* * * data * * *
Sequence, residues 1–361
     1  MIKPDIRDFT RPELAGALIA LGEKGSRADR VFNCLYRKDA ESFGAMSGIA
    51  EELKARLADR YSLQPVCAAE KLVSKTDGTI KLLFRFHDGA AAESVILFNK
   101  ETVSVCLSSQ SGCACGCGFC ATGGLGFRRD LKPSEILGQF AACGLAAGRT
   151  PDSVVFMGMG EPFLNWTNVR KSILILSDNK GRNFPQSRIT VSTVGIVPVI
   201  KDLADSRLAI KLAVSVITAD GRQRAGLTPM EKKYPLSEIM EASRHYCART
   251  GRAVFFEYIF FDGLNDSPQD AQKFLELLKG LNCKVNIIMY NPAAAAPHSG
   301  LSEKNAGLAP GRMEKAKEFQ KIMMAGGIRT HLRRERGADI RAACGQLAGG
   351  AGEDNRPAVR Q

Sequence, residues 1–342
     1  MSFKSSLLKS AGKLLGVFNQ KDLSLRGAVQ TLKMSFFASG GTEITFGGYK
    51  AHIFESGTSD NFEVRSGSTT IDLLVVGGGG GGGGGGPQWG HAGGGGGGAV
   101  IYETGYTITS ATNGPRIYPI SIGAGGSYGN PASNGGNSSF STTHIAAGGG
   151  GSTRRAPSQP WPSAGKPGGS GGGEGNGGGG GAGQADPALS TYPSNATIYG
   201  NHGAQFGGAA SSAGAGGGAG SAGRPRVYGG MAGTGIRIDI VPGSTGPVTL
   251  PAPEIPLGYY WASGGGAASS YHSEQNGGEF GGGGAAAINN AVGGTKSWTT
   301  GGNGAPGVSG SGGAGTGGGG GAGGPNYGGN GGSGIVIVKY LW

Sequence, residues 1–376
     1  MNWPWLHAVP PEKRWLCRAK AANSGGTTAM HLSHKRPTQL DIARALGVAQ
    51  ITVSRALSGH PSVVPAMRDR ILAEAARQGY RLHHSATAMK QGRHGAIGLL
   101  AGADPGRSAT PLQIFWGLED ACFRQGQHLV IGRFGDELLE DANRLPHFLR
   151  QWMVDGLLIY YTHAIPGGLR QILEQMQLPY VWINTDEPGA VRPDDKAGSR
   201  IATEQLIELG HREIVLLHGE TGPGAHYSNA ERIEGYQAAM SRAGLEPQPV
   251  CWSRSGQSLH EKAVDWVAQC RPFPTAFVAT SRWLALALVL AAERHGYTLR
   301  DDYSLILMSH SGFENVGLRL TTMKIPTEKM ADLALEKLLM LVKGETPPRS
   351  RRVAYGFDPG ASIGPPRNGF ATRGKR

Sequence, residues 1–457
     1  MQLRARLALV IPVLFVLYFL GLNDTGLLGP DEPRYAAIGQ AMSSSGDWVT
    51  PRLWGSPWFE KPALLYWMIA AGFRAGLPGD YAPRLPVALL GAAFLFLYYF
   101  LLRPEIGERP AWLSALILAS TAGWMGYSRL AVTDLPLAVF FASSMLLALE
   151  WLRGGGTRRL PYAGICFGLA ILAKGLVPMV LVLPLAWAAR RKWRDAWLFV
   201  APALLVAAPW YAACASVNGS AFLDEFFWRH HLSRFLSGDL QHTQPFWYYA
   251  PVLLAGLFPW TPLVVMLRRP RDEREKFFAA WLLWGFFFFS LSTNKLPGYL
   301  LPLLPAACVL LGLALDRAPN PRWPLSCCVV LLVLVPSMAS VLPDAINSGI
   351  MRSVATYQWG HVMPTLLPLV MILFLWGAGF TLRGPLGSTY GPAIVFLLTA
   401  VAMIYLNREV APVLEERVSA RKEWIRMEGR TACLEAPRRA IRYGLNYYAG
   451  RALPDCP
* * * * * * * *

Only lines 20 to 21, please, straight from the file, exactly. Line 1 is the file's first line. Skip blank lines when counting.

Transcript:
    51  ITVSRALSGH PSVVPAMRDR ILAEAARQGY RLHHSATAMK QGRHGAIGLL
   101  AGADPGRSAT PLQIFWGLED ACFRQGQHLV IGRFGDELLE DANRLPHFLR